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Soy Milk: Nutrition, Benefits & Associated Health Risks

Soy milk is a famous dairy milk replacement, but it is not just a substitute ingredient. It can be a valuable addition to your diet on its own

Shivam Dwivedi
Soy Milk
Soy Milk

Soy milk is a famous dairy milk replacement, but it is not just a substitute ingredient. It can be a valuable addition to your diet on its own. This nutritious, flavorful beverage first used as a waste product on the way to making tofu. Nowadays, soy milk can be found across the country as a lactose- free dairy substitute with many health benefits that are all its own. 

What is Soy Milk? 

It is a plant- based non- dairy beverage, often taken as an alternative to dairy milk. Soy milk made from soybeans, and related brands fortify their soy milk with many vitamins and minerals like vitamin D and calcium.  

“Soy milk offers culinary diversity, creamy texture, and a healthful nutritional profile, including essential omega- 3 fatty acids (if fortified) and flavonoids that exert antioxidant, anti- inflammatory, and cardio- protective properties,” says Julieanna Hever, RD, a plant-based-foods dietitian in the Los Angeles area and the author of The Vegiterranean Diet. 

Nutrition Facts:  

There are numerous brands of soy milk available in the market, and the quantity of calories present and added sugar will differ as per buyer’s need. Therefore, always check the nutrient facts label on your brand of choice. Below are the information regarding the nutrition facts for one cup of a popular organic unsweetened soy milk: 

  • Calories: 80 

  • Protein: 7 g 

  • Fat: 4 grams (g) 

  • Carbohydrates: 3 g 

  • Fiber: 2 g 

  • Sugars: 1 g (0 g added sugars) 

  • Saturated fat: 0.5 g 

So, it’s obvious that soy milk contains a lot into a small cup. You have noticed, it is rich in protein, low in sugar, and provides a couple of grams of fiber, all for just 80 calories. 

Health Benefits of Soy Milk:  

There are numerous benefits associated with soy milk discussed below:  

1. Brain Health: 

Soy milk contains Omega- 3 fatty acids in a good amount, which are ‘healthy’ fats that your body cannot produce on its own. Omega- 3 fatty acids are linked to a reduced risk of Alzheimer’s and dementia disease. Studies are going on the effect of Soy milk  on these diseases, but soy in general is one of the best non- animal sources of omega-3 fatty acids. 

2. Improved Cardiovascular Health: 

Soy milk can also help in keeping your cardiovascular system in a good state. It is a wonderful source of potassium, whether or not it has been fortified. Potassium is deeply linked to maintaining lower blood pressure and a regular pulse.  

3. Treats Type-2 Diabetes:  

Due to presence of high calcium and low fat content, soy milk is the perfect non- dairy option for your diabetic meal plan. It helps diabetic patients by reducing bad cholesterol levels and preventing cardiovascular issues. The effect of soy milk on lipid levels is shown to be helpful in the treatment of diabetes.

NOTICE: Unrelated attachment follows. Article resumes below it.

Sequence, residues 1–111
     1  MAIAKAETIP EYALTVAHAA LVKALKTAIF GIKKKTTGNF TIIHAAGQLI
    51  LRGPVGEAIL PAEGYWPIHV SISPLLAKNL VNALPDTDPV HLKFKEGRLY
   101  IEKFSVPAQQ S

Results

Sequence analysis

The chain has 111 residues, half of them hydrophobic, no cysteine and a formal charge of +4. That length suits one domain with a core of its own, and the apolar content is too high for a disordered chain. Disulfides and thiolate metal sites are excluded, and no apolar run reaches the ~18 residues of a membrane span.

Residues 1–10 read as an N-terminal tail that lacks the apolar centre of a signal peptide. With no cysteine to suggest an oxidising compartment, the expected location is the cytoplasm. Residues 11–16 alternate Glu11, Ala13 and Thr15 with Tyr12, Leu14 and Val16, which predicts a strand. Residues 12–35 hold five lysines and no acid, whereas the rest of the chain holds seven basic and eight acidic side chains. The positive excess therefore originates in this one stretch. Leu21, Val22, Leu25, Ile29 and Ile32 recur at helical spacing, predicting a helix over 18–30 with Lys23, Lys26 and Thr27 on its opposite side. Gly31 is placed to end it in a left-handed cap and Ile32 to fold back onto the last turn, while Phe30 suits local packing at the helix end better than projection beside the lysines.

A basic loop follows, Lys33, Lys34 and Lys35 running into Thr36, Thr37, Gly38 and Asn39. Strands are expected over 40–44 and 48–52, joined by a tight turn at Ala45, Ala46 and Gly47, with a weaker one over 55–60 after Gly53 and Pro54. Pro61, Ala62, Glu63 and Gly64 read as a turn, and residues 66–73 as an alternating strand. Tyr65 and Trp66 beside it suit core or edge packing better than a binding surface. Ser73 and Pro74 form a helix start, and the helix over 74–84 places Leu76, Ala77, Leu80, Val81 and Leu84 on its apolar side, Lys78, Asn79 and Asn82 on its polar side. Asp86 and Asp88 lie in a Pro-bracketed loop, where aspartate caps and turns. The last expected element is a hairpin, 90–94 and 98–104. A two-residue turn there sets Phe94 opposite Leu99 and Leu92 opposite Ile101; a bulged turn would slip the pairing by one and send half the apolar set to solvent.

4. Cures Skin related issues:  

A diet containing soy products might reduce the incidence of acne. And soy, by itself, is one of the ingredients used for treating dermatological issues such as hyperpigmentation, which causes darkening of the skin. Soy products can have anti- aging advantages on your health and skin. Recently, a compound of soybean was found to be an effective anti-aging agent. 

Health Risks: 

Although Soy Milk has numerous advantages but it can cause serious health risk if not taken in proper amount. Below are major health risk associated with it: 

Anti- Nutrients: 

Soy also contains Phytates, which are known as anti- nutrients that can block the absorption of certain minerals like iron, magnesium, iodine, zinc, copper and chromium. If you are drinking a lot of soy milk and eating processed foods that contain soy, this can be dangerous for your health and you may be at the risk of developing nutritional deficiencies. 

Risk of Breast Cancer:  

One of the most notable dangers of soy milk involves its isoflavones, which have a chemical structure similar to the hormone estrogen. There are two estrogen receptors in the body. When isoflavones attach to one, they produce estrogen- like effects, but when they attach to the other, they have an anti-estrogen effect. Due to this, isoflavones in soy milk have been connected to breast cancer in some cases, but not in others.  

A study published in the Journal of the National Cancer Institute in September 2014 highlighted that estrogen- like activity is helpful in postmenopausal women, but not in women who have an active menstrual cycle. Due to this, and based on previous studies on soy, researchers concluded that soy milk consumption may be problematic for younger women, but can actually be healthy & beneficial for women about 10 years after menopause. 

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